Today, most people would envy Horace’s impressive list of accomplishments. To the restaurateur/chef credit that began his saga, one can now add musician, lyricist, singer, band leader, performer, clothing model and artistic painter.
Determined to recapture what had been lost in a moment of staggering violence, Horace worked relentlessly to improve the quality of his life, and with the help of Beth Abraham’s world-renowned music therapy program and its rehabilitation center, his remarkable turnaround began.
It's a pleasure working with my music therapist. I was not able to speak very well and he helped get me back on track."Horace, Bronx
Now, each weekday without fail Horace walks the three blocks from his apartment at Beth Abraham’s housing to the Adult Day Health Care Program. A dapper dresser, he makes his arrival known by bellowing: “Good Morning, Everybody.” The “Ambassador,”as everyone affectionately calls him, has arrived.
First item on his daily “to do” list is a visit to his “adopted” 91-year-old grandmother, who is a resident at Beth Abraham’s long-term care facility. Frequently, he’ll cook one of her favorite dishes the night before and deliver it to her with a loving greeting. Then the Ambassador is off to “brighten the day of others less fortunate.”
Horace can also be frequently heard at bible study meetings leading the group in singing his lyrics praising the Lord. “It’s the Lord who has given me strength to keep on going,” says Horace, “so I could help so many others to live and love.”
When Horace isn’t participating in group activities, playing the drums or delivering balloons to bring cheer to others, he’s spending time with his “someone special.” They met two years ago at the Adult Day Health Care Program “and,” he says with a broad smile, “she just loves my cooking.”
Adult Day Health Care, Bronx
Services Received:Physical Rehabilitation Music Therapy
Born in Puerto Rico, friend to many
Energetic, outgoing and eager to help a friend or neighbor at the Beth Abraham apartment building he calls home, Basilio keeps a pace that would tire a man many years younger than his 80 years. Always ready with a kind word for, and about, his neighbors, Basilio often volunteers his time at his building’s main entrance, opening the door, ensuring that visitors sign in and that those who need a hand carrying packages to the elevator get the assist.
Up and out by 8:30 each weekday morning, Basilio meets his buddies at the local senior center, where they shoot pool and play dominoes. Once a week, Basilio’s pool regimen changes from knocking numbered balls into sunken pockets to swimming laps in the center’s indoor pool.
Ever open to new things, Basilio even tried his hand at the center’s Nintendo Wii system, but dismissed it as something “for the ladies.” Still, at night in the privacy of his apartment, Basilio watches TV exercise programs, follows along with their aerobic workout routines and even shadow boxes a round or two to keep in shape. Adding to his healthy routine, a registered nurse visits Basilio every week to make sure his diabetes is under control.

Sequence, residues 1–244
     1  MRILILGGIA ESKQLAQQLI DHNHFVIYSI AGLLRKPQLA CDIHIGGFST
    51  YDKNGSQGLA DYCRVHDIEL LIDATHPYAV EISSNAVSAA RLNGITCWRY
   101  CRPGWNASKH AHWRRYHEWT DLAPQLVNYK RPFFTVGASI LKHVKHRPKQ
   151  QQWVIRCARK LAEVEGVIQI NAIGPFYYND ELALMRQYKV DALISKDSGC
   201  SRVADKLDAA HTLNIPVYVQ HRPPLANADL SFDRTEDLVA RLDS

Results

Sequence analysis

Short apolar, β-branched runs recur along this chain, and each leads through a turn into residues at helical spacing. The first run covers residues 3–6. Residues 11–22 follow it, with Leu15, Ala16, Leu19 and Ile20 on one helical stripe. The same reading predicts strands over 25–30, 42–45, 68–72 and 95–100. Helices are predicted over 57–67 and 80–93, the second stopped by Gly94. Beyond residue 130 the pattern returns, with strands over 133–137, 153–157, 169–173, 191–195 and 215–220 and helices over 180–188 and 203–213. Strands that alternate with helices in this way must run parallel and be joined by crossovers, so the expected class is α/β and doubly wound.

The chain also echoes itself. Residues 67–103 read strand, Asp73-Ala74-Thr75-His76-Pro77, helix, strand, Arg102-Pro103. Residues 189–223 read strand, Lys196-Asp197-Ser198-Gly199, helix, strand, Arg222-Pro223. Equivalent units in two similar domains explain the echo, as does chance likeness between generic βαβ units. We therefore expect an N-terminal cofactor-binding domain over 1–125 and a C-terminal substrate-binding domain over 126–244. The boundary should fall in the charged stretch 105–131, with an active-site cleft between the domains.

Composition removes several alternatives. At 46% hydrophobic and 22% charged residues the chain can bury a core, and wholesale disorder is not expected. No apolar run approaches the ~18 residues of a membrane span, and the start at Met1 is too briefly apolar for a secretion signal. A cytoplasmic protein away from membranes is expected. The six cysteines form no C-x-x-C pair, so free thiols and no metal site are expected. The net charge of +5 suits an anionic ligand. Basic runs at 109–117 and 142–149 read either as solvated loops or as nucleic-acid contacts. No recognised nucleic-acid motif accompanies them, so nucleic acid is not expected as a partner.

I stay healthy because my nurse checks on me every week to make sure my diabetes is under control.Basilio, Bronx
Preparing dinner is a creative activity for Basilio, who was taught to cook by his sister. While his favorite dishes are chicken stew with yellow rice, or cod fish with eggplant, onions and a side dish of plantains with olive oil and garlic, he concedes that “oregano and tomato sauce adds a kick to any dish."
As the day winds down and the dinner dishes are put away, Basilio makes a couple of quick phone calls to his son in Manhattan and his daughter in the Bronx, just to make certain they are okay. Then it’s finally time to kick back, relax and watch a baseball game on TV, or a round of golf, or maybe even a horse race.
Beth Abraham Housing
Born in China, 104 years young
When Fung Shee was born one hundred and four years ago, Teddy Roosevelt was President of the United States; a first class U.S. postage stamp cost 2 cents; a new car cost $500, and the gas to power it cost six cents a gallon. All of these historic events had little to do with the proverbial cost of tea in China, which was where Fung Shee spent the first 53 years of her life. Fung Shee did not set foot on American soil until 1959, when she and her husband emigrated from their native Shanghai.
Recalling their arrival in the States fifty years ago, Fung Shee smiles and says, "Everyone wants to come to America. Life is so good here.”
Though Fung Shee and her husband had five children, three died from disease and infection during the Japanese-Chinese war in the late 1930s. Once here, her husband worked long hours so that they could send money back to Shanghai so their two surviving daughters could receive a good education there.